The US Federal Bureau of Investigations believes the four gunmen who attacked the Westgate Mall in Nairobi died during the terror incident.
FBI’s legal attaché in Nairobi Dennis Brady said in an interview posted on the Bureau’s website Saturday that they found no evidence that the attackers escaped.
He said the FBI had more than 80 people on the ground during the initial investigation into the attack.
“We believe, as do the Kenyan authorities, that the four gunmen inside the mall were killed. Our ERT made significant finds, and there is no evidence that any of the attackers escaped from the area where they made their last stand,” he said.
Mr Brady says the crime scene perimeter security set up by Kenyans on the first day made any escape unlikely.
Besides, “had the attackers escaped,” he adds, “it would have been publicly celebrated and exploited for propaganda purposes by al Shabaab. That hasn’t happened.”
Kenya has already charged four suspects who are allegedly linked to the individuals who physically carried out the attack.
(Read: Westgate accused denied bail)
FBI said investigations are continuing in a bid to identify the entire network involved in the attack.
“Nobody is under the impression that we have fully identified the entire network in this attack, however. That’s why the investigation continues.”
On the Ground in Kenya
Part 2: Terror at the Westgate Mall
Q: On September 21, 2013, al Shabaab gunmen attacked the Westgate shopping mall in Nairobi. Over a period of several days, they killed more than 70 people. What was the FBI’s response?
Brady: The attack started on a Saturday. I was called to the embassy, and we immediately began securing resources to assist the Kenyans. Our people were on the scene from the first day. The FBI’s role was—and continues to be—to facilitate, enable, and assist the Kenyan investigation and prosecution regarding a crime that occurred largely against Kenyan citizens on their soil.
Q: After the attack ended, what was the crime scene like?
Brady: Very complicated. Westgate was a large mall, four stories, with underground parking and an attached parking structure. In the process of fighting the attackers, there were explosions and a fire. The area where the attackers were had home furnishings that caught fire. The fire spread and continued to burn, causing that part of the structure to collapse into a pit that smoldered for weeks.
Q: Was it dangerous for investigators working to collect evidence?
Brady: It’s amazing we got our Evidence Response Team [ERT] people down into that pit. It was a very difficult place to work. While ERT was doing its work, every now and then a propane tank would explode or vehicles on the edge of the collapse would fall in and catch fire. But there was a lot of attention paid to the soundness of the structure and where we could reasonably collect evidence. Safety of the investigators was paramount. We had an FBI structural engineer and hazardous materials experts on scene in addition to our other assets. At the height of the initial investigation, the Bureau had more than 80 people on the ground there.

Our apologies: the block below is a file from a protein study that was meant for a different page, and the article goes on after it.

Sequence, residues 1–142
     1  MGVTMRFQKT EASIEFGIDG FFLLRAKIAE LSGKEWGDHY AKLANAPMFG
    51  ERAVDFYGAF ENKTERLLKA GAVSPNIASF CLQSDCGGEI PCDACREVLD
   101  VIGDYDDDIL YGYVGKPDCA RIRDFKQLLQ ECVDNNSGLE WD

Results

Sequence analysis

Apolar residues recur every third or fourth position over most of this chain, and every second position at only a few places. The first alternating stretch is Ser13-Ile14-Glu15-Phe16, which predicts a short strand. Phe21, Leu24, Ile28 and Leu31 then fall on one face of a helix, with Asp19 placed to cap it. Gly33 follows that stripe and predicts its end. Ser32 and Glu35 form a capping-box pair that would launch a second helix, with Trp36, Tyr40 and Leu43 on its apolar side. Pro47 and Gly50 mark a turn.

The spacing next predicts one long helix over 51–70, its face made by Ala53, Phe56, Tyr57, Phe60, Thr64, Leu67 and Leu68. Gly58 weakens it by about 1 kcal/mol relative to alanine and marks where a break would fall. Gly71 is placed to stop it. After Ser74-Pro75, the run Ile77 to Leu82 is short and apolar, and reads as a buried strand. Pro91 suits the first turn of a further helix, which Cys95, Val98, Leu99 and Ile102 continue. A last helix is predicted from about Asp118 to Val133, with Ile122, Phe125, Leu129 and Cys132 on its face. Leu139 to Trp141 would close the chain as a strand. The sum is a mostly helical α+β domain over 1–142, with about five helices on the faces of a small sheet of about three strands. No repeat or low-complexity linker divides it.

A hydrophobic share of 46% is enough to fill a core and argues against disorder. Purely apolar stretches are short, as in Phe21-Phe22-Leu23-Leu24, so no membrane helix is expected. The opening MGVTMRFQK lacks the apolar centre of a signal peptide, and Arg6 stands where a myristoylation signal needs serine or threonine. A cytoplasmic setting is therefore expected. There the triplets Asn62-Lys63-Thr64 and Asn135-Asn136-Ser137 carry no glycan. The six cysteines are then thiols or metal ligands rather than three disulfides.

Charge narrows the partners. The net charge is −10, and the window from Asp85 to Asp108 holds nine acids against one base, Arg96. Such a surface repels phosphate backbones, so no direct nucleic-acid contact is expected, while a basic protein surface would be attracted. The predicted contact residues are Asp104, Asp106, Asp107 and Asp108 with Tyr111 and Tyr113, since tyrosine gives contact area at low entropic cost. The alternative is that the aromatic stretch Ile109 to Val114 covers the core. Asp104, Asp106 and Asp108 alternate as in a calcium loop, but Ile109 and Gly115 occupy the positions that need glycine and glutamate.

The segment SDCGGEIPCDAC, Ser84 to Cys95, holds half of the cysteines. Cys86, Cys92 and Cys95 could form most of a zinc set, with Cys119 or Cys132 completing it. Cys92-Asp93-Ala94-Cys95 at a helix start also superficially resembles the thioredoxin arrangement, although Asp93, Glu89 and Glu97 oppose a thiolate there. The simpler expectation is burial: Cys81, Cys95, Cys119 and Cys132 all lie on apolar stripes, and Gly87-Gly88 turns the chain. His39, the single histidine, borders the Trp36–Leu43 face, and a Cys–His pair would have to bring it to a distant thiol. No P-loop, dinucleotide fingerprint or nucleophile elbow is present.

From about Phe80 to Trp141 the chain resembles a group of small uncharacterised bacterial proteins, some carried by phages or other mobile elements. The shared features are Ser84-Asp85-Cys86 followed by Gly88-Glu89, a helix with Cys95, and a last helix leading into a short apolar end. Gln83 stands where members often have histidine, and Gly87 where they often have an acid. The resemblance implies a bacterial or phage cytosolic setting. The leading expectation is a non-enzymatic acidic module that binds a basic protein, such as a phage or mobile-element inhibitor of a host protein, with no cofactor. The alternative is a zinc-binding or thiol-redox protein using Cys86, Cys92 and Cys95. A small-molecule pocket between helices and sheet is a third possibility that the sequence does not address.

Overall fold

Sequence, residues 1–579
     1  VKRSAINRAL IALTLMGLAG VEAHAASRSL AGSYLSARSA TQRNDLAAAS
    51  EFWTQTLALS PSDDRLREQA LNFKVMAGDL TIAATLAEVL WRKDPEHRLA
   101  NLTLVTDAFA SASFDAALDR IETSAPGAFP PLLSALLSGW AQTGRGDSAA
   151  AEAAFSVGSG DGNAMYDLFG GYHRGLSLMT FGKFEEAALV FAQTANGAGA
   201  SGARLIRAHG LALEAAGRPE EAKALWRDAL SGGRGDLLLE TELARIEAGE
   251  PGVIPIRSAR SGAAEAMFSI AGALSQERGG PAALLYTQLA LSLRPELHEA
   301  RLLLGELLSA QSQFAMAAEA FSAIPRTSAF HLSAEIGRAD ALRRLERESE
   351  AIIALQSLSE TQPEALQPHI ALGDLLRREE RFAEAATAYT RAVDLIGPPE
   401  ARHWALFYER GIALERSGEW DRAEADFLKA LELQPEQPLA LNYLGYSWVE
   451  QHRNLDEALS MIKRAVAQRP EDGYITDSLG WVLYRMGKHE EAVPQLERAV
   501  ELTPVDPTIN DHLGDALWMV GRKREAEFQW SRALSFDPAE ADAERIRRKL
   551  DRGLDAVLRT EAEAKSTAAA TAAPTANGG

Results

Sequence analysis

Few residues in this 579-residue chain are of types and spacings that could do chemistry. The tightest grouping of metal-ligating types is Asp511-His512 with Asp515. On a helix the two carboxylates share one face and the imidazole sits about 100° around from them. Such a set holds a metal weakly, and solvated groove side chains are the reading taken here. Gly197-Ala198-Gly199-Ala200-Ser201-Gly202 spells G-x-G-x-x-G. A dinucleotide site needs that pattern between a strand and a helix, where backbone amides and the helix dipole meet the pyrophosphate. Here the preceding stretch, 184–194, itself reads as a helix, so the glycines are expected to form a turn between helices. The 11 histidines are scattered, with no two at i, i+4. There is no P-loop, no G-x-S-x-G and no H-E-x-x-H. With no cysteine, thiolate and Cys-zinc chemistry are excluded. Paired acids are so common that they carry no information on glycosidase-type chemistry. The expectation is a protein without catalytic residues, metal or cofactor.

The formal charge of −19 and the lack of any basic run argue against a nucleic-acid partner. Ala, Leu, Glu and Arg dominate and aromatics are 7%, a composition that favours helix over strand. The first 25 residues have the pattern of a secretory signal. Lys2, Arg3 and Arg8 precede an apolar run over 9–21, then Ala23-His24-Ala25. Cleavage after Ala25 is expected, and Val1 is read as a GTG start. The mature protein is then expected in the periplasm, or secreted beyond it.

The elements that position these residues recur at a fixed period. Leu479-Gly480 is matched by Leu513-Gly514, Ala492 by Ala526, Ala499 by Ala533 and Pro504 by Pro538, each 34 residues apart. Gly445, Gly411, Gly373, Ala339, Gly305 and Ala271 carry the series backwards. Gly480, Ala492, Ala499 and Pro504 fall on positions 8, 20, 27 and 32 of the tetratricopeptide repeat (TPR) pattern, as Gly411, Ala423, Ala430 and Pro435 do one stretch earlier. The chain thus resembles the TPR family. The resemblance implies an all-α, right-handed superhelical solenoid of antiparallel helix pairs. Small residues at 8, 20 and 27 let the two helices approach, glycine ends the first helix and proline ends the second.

Q: Where does the investigation stand now?
Brady: The Kenyans have charged four individuals in connection with the terror attack, and the case is moving through the court process. The four are directly connected to the individuals who physically carried out the attack. Nobody is under the impression that we have fully identified the entire network in this attack, however. That’s why the investigation continues.
Q: There have been conflicting reports about what happened to the gunmen. Can you comment?
Brady: We believe, as do the Kenyan authorities, that the four gunmen inside the mall were killed. Our ERT made significant finds, and there is no evidence that any of the attackers escaped from the area where they made their last stand. Three sets of remains were found. Also, the Kenyans were on the scene that first day and set up a very secure crime scene perimeter, making an escape unlikely. Additionally, had the attackers escaped, it would have been publicly celebrated and exploited for propaganda purposes by al Shabaab. That hasn’t happened.
Q: All in all, are you pleased with how the legat responded to the crisis?
Brady: Very much so. Our people stood shoulder to shoulder with the Kenyans through some very difficult days. It’s also worth noting that it wasn’t just Americans helping the Kenyans. It was an international effort. But yes, I am proud of how the legat responded and how we were able to assist our host country when they most needed us.